1 egg and 1 egg yolk

360g plain flour, plus more for kneading

3/4 tsp salt

120g butter, softened

for the filling

100g sugar

50g brown sugar (dark or light depending on your preference)

100g nuts, finely chopped (I used a mixture of hazelnuts and walnuts)

50g apple, chopped into small cubes (I don’t like raisins, but if you do then raisins or an apple/raisin mix would be lovely)

1 tbsp ground cinnamon

1/2 tsp salt

2 tbsp honey or maple syrup

100g full-fat cream cheese

50g butter, melted


Mix the yeast, 1/2 tsp of sugar, and warm water (about 45°C) in a jug, and leave to froth up for ca. 10 minutes.

In a large bowl, combine the sugars, milk, and eggs, then add the yeast mixture. Sift in the flour and salt and mix until the dough comes together. Knead for a couple of minutes, then add the butter and knead again. (Note: this seems like quite a strange step and if you’re kneading by hand, like I was, I’d recommend putting in the butter at the same time as all the other ingredients) The mixture will be fairly sticky and the original recipe states to add some more flour if necessary. Knead until the dough is elastic and shiny, then place in a bowl, cover with a tea towel and leave to rise in a warm place until doubled in size, around 2 hours.

To make the filling, combine the fruit with the dry ingredients, then thoroughly mix in the honey or maple syrup.

Once the dough has risen sufficiently, turn out on the worktop and knock back. Then roll out to a square(-ish) shape, about 25x25cm. Stir the cream cheese, to soften it, and spread evenly onto the dough. Fold the dough into thirds, first vertically, then horizontally. Turn over so the seam is facing downwards.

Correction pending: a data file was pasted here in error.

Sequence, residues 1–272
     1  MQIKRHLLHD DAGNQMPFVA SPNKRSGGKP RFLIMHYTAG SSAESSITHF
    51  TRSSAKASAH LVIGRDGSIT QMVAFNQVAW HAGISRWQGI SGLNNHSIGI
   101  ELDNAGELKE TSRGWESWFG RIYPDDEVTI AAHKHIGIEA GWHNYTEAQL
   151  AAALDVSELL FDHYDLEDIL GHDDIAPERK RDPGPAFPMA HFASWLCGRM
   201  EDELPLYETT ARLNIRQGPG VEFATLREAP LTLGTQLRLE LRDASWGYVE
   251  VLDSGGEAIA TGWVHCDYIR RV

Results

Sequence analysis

Roll out the dough again, this time to a rectangle about 25x50cm in size. (Note: You know that bit in Jurassic Park, when Richard Attenborough’s character utters the immortal phrase ‘Life will find a way’? Well, the same rule applies to cream cheese – it will burst out on the short sides of the dough, while you’re rolling it. Deep breaths; it will be ok.)

Brush the melted butter over the dough, then spread the filling evenly over the top and press into the dough, leaving a gap of an inch at one of the short ends. This is where the roll will be sealed. Then roll up the dough tightly. With the seam facing downwards, trim the edges, then cut the roll into 10 pieces with a serrated knife. Place in a well greased baking tin, cover with a tea towel, and leave to rise for another 1 1/2 hours.

Preheat the oven to 190°C/gas mark 5. Bake the swirls for 30 minutes, until they are golden brown.

Best eaten warm from the oven, with your hot beverage of choice.